Sexual Assault Centre of the McGill Students’ Society (SACOMSS), 514-398-8500,

Off Campus

If it has been 5 days or less since a sexual assault

Help over the phone

Sexual Assault Helpline: 514-933-9007 24/7

In situations of immediate danger call 911 immediately. Then inform Security Services: 514-398-3000 (Downtown), 514-398-7777 (Macdonald)

Slide 60 - Module 4 review

We have reached the end of module 4.

In this module, we reviewed some of the consequences of sexual violence on survivors, like the long-term physical and mental effects including shame, fear, guilt, post-traumatic stress disorder, contemplating or attempting suicide, unwanted pregnancy, sexually transmitted infections, and physical injuries.

We also reviewed some of the barriers survivors face when disclosing their experience, such as fear of reprisals, being blamed, of not being believed.

Then we reviewed how to have a supportive response if someone tells us they have been sexually assaulted or sexually harassed.

Remember to listen, don’t judge, and respect their needs and decisions.


Finally, key resources that you can provide to someone if they want to seek help after experiencing sexual violence.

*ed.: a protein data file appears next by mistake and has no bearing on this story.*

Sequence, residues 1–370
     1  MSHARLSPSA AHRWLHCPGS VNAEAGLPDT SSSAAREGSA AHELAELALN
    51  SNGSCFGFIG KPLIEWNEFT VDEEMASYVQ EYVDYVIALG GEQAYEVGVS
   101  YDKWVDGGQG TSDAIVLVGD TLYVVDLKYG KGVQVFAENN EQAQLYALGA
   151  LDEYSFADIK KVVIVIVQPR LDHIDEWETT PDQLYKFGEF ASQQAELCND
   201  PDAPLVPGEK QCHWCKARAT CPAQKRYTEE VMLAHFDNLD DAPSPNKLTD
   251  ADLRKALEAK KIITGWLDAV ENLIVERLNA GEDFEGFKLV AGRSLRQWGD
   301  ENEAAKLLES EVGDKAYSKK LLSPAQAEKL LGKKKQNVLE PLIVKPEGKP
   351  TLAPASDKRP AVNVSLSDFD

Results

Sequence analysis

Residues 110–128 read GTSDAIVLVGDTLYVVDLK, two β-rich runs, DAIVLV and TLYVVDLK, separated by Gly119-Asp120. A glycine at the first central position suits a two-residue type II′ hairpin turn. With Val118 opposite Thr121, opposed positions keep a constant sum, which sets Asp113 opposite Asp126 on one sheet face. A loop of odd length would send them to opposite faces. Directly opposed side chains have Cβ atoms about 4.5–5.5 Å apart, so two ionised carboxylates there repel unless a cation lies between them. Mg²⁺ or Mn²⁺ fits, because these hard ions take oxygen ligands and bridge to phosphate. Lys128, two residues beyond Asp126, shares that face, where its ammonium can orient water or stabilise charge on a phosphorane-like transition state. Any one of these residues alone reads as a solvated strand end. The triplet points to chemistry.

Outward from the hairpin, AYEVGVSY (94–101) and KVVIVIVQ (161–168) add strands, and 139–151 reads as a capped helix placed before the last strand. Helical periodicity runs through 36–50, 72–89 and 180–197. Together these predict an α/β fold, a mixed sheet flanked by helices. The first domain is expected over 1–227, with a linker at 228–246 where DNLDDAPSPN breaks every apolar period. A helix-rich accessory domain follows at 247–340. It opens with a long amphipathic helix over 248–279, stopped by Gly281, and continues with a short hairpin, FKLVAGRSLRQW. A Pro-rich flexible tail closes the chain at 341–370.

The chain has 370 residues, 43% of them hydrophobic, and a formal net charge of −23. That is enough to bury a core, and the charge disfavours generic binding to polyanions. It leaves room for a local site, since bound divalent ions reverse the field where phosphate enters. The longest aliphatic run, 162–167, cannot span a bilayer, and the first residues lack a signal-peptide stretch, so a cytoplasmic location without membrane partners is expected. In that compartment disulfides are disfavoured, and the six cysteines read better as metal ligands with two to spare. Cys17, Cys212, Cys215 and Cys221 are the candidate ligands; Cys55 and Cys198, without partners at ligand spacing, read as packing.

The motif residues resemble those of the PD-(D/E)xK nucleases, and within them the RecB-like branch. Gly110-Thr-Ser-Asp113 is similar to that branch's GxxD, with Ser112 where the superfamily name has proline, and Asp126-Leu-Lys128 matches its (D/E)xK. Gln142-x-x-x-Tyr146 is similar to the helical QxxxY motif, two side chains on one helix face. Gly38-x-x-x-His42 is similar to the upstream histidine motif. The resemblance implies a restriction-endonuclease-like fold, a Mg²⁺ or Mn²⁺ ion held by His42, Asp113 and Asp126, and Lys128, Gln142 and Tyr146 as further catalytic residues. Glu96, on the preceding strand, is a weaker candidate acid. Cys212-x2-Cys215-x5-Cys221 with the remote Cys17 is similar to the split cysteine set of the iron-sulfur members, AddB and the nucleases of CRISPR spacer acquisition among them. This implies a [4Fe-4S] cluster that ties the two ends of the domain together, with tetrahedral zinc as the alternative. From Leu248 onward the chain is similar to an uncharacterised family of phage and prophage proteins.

Slide 61 - End of Module 4

Slide 62 - Conclusion

We’ve now explored the main topics of this learning program.

Let’s take a final moment to revisit the key points and the overall goal of the course.

Slide 63 - Summary

In summary, we have reviewed what behaviours constitute sexual violence, the prevalence and impact of sexual violence, and how to intervene in situations that could be inappropriate and/or escalate to sexual violence.

We also reviewed how to respond when someone discloses an experience of sexual violence and the resources available on and off campus that can help.

Slide 64 - Conclusion

Increasing awareness of these topics is an important part of shifting campus culture to one of respect and consent, and creating a community free of sexual violence.

If, after taking this course, you are concerned about something you have experienced, or are concerned about your behavior towards another person, please consult the resources provided.

Slide 65 - Course Completed

Checkbox - "I confirm that I have understood the content of this course"

Slide 66 - End of Course

Thank you for completing this course.